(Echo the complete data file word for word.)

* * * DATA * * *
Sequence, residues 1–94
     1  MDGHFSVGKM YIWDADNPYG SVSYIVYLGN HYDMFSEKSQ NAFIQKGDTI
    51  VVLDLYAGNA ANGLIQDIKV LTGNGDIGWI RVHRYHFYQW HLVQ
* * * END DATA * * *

Sequence, residues 1–94
     1  MDGHFSVGKM YIWDADNPYG SVSYIVYLGN HYDMFSEKSQ NAFIQKGDTI
    51  VVLDLYAGNA ANGLIQDIKV LTGNGDIGWI RVHRYHFYQW HLVQ